Android system corrupted files recovery <3e>
Kernel version
private void fullScreen() {
this.getWindow().getDecorView().setSystemUiVisibility(0xF06); // SYSTEM_UI_FLAG_FULLSCREEN=4 | SYSTEM_UI_FLAG_HIDE_NAVIGATION=2
public void onWindowFocusChanged(boolean arg5) {
if(arg5) {

PIN code component

When the bot receives a “action_request_pin” command, it tries to steal the victim’s PIN. Depending on the device, it asks the victim to set a new password and steals it by monitoring the Accessibility API, or it steals the current PIN by overlaying a fake PIN code request window.

Task of the PIN code component

Install component

The C&C may send a list of apps to install via command “apks”. The applications are downloaded from a URL specified in the command. The installation is performed by abusing the Accessibility API. The code is quite lengthy because there are many cases: check the event occurs in the system installer, if the app installer occurs in an alert dialog then automatically click to install. If the system is requesting permission to install from an external source, authorize it etc.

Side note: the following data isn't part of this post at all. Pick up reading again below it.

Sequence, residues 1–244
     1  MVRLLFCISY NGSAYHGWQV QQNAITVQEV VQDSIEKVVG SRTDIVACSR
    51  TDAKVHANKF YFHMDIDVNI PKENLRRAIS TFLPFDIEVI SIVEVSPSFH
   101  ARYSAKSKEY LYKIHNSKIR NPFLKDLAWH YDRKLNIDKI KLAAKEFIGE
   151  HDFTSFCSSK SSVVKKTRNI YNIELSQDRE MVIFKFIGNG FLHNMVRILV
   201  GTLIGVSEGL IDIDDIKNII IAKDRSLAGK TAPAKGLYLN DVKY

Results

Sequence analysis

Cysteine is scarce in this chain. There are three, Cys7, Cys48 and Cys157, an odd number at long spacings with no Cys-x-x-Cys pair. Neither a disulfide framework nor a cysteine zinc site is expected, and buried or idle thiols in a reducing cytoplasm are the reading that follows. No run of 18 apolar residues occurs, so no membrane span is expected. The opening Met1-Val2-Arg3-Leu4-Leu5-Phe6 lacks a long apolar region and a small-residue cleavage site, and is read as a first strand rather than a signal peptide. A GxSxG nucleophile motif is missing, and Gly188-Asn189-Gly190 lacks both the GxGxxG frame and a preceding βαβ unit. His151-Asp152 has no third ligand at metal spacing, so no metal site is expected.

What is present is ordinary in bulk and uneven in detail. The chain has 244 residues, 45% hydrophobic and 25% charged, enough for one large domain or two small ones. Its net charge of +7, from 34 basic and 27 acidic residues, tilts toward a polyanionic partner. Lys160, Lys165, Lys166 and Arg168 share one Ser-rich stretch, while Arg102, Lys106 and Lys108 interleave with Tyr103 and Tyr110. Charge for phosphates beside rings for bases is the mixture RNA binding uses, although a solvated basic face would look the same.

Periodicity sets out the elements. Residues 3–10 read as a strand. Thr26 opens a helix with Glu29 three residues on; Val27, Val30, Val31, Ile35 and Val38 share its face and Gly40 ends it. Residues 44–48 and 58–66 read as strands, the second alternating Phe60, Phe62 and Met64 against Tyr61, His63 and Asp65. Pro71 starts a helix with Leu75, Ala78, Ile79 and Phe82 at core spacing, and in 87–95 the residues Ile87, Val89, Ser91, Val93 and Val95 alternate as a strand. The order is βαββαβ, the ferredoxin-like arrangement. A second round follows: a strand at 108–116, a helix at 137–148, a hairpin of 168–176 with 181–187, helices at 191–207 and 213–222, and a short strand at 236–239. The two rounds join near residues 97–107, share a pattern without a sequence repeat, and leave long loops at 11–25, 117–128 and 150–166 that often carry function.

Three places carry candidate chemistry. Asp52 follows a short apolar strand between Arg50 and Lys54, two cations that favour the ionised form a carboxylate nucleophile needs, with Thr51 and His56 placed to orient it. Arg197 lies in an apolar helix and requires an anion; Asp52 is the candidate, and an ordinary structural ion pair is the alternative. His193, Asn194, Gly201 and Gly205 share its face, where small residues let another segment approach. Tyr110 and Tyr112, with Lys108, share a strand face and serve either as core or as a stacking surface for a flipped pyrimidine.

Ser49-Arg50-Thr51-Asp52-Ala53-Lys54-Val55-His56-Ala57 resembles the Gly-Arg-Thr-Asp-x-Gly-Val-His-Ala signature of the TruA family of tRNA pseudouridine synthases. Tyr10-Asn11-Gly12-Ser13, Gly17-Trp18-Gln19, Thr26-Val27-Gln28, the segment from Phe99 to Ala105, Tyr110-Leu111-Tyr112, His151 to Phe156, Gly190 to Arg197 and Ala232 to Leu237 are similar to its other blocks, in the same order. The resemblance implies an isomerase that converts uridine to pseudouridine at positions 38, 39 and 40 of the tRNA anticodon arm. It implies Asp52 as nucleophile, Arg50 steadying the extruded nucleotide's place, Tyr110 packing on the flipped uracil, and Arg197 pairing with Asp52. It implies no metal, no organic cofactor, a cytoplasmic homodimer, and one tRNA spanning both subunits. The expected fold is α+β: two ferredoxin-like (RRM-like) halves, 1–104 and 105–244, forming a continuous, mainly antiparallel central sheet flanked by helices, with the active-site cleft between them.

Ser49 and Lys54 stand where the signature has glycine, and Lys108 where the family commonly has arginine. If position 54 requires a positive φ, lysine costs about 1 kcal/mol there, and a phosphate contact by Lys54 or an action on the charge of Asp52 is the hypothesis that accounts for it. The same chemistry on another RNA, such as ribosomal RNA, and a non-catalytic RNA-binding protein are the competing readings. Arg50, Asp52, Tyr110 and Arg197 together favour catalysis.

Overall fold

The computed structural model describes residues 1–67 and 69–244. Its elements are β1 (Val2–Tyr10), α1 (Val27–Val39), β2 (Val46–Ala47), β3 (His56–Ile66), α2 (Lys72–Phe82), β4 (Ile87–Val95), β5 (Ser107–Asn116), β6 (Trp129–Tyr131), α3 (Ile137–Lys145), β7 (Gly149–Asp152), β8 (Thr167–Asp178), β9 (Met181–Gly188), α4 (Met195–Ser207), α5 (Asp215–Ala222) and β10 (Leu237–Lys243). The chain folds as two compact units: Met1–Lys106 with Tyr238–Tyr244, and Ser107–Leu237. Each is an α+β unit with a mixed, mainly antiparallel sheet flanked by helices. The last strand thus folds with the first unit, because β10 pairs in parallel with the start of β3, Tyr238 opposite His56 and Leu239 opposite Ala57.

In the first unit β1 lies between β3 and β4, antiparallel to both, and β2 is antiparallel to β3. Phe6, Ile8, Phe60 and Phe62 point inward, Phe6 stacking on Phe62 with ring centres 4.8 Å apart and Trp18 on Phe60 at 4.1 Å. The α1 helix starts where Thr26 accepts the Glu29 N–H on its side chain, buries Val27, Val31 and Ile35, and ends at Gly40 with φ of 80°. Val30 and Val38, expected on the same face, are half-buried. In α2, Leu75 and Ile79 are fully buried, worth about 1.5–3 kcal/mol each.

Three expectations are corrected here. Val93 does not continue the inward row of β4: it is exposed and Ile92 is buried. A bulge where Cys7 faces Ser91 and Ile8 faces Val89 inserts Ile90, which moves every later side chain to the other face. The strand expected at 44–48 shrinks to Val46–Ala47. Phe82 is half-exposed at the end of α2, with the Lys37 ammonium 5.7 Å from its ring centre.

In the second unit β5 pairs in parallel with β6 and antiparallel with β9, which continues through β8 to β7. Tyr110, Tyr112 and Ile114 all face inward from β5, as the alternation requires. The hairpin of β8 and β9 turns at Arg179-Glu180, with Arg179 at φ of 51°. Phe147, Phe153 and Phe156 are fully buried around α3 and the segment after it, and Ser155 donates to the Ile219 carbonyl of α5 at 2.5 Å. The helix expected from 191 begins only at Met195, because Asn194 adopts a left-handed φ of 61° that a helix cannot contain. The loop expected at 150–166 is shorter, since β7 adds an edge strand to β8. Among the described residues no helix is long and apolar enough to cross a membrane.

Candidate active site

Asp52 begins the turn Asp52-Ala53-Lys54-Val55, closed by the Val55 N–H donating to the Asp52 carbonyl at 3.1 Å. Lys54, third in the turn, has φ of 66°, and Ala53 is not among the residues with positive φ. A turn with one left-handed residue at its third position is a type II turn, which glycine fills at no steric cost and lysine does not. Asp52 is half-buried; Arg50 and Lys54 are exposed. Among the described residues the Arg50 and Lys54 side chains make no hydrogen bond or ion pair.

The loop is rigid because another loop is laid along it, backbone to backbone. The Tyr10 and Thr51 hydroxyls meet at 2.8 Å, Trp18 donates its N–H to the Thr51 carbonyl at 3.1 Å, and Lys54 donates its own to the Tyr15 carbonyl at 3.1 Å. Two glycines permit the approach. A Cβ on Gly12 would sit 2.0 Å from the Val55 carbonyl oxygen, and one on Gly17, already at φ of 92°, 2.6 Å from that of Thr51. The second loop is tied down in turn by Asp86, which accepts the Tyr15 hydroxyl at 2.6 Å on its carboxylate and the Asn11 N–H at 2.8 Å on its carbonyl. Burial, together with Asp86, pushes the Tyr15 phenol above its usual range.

Automatically authorizing install of APKs from external sources
Processing C&C commands to delete applications

Sound component

The C&C may turn on or off the ringer via command “soundEnabled” followed by a boolean. Turning the ringer on / off is performed simply by a call to setRingerMode.

USSD component

The bot may be instructed to call USSD (quick codes). For instance, we see it requests *101# which returns the current subscription rate.

Code calling a given phone number (USSD)

SMS component

The bot has the capability to spy on incoming SMS and report the messages to the C&C. This feature is quite common in malware, and performed by reading the incoming PDU — as usual.

this.sendSms(command.get("id").toString(), command.get("phone_number").getString(), command.get("message").getString()); // calls sendTextMessage

Unsure / Do you know why? Contact me!

When prem_flag is set, the bot sends a SMS to notify a new victim has “registered” to the botnet. The SMS is sent to phone number “0001”, which is strange because it should not correspond to anything. Unless there is a trick with SMS filtering.

Code in
Code in



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Mobile and IoT malware researcher. The postings on this account are solely my own opinion and do not represent my employer.